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IN a former Number, [Mon. Chron. Vol. I. p. 89,] we gave a brief notice of the system of railroads established in Belgium, entirely at the charge and under the direction of the central government of the country. The expenses are all defrayed from appropriations from the public treasury, and all the income is of course for the benefit of the treasury. That article gave some account of the origin and cost of the work, and a notice of its operations for the first nine months of the year 1839. We shall now give a more full description of the system of works, with a history of its operation to the beginning of the present year.
The Minister of public works, Mr. Charles Rogier, under whose superintendence these great improvements are carried on, is entitled to the fullest credit, for having laid before the public, in his report to the legislative chambers, a most clear and intelligible account of the extent and cost of the work, the dimensions and character of the different constructions, the character and cost of the materiel, the rates of fare and freight, the expenses of operation, and the receipts, in all the varieties of detail, that can be desired. Our difficulty will be to present in the condensed view, which only we can give, so much of the information as will satisfy the reader, in a form which will be intelligible.
The system of works authorized by law is yet incomplete. When completed, the whole length of the several lines of railroad will be 113 leagues, of 5,000 French metres, of 350 English miles; and
the present estimated cost of the roads, stations, and materiel, is 125,664,707 francs, or $23,877,054. The length of roads already completed, so far as to be already in operation, and producing an income at the commencement of the year, was 67 leagues, or 208 miles. This length of line embraces 14 sections, which have been successively opened from 1835 to 1840. The length of lines and parts of lines yet to be opened is 46 leagues, or 142 miles.
The cost of 208 miles of road already incurred, amounts to 62,144,584 francs, under the following heads of expenditure, viz. :
For purchase of lands and compensation for damages, including 198,688 francs for cost of legal proceedings,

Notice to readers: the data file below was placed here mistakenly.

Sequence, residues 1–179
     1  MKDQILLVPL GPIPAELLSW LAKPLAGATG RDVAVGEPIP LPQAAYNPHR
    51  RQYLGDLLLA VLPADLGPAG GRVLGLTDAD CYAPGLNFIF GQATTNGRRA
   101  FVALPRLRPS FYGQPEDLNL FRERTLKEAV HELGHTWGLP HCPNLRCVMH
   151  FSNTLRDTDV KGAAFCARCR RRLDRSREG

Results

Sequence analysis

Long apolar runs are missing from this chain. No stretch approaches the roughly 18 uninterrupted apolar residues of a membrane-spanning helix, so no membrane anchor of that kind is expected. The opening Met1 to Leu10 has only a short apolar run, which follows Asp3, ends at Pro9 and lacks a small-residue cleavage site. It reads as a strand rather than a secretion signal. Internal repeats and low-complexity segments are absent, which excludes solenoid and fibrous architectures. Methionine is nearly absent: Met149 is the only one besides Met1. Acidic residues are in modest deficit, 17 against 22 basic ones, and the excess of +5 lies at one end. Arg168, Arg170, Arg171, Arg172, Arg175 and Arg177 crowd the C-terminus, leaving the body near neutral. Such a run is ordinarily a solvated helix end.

For works of excavation and embankment, works of masonry and other constructions, and laying foundations of railway, chiefly expended in compensation of labor among the laboring class of the population,
Wood, for the foundation of the railroad, furnished principally by
For 49,000,000 kilograms [48,243 tons] of iron for rails, and their
The expenditures already incurred may be more particularly classified under the following heads:
17,314,710 3,109,371 807,212
The amount expended on account of construction in the year 1840, was 11,915,076 francs.
These railroads lead from Brussels, the capital of the kingdom, by
routes for the most part nearly direct, through the most populous and productive part of the country to nearly all the principal towns. They form two main lines, crossing each other nearly at right angles, and each branching in several directions. The shortest of these lines runs nearly north and south, and consists of two parts, the first part extending from Brussels north to Antwerp, and the other south and southwest to Mons, and the French frontier, in the direction of Valenciennes. The other line runs nearly east and west, beginning at Ostend, on the British Channel, and passing through, or by Bruges, Ghent, and Termonde, to Malines, where it crosses the other line nearly at right angles, and proceeds thence through Louvain, Tirlemont, to Liege, and thence into the Prussian territory, and to Aix la Chapelle and Cologne. A part of this extension of the line, in the Prussian territory, is already constructed by authority of the Prussian government. The branches are three in number: the first, leading from Ghent, on the western line, to Courtray, and to the French frontier towards Lille, in France, and by a second branching to Tournay; the second, from Braine le Comte, on the southern line, to Charleroy and Namur; and the third from Landen, on the eastern line, to St. Trond. The town of Malines, which is thirteen miles north of Brussels, on the route to Antwerp, thus becomes the centre of communication for the whole kingdom. It is consequently the central point of the operations of the railroad, and the seat of its principal establishments, of various kinds.
The north and west line is finished from Brussels to Antwerp, and from Brussels to Tubise, three miles south of Hal; as is also the east and west line, near the whole length of the kingdom, from Ostend to Malines, and from Malines to Ans, three miles from Liege. The branch from Ghent, as far as Courtray, 27 miles, and also from Landen to St. Trond, are also finished. The remainder of the eastern line, from Ans, by Liege to the Prussian frontier; of the southern line from Tubise to the French frontier; and also of the second branch, from Courtray to the French frontier, and to Tournay, as well as the third branch, from Braine le Comte to Charleroy and Namur, remain to be finished. The following table shows the lengths and the cost of the respective lines.
North Line, Brussels to Antwerp, completed,
East Line, the part unfinished, Ans to Prussian
* On the French frontier, ten miles from Valenciennes.
Cost per mile.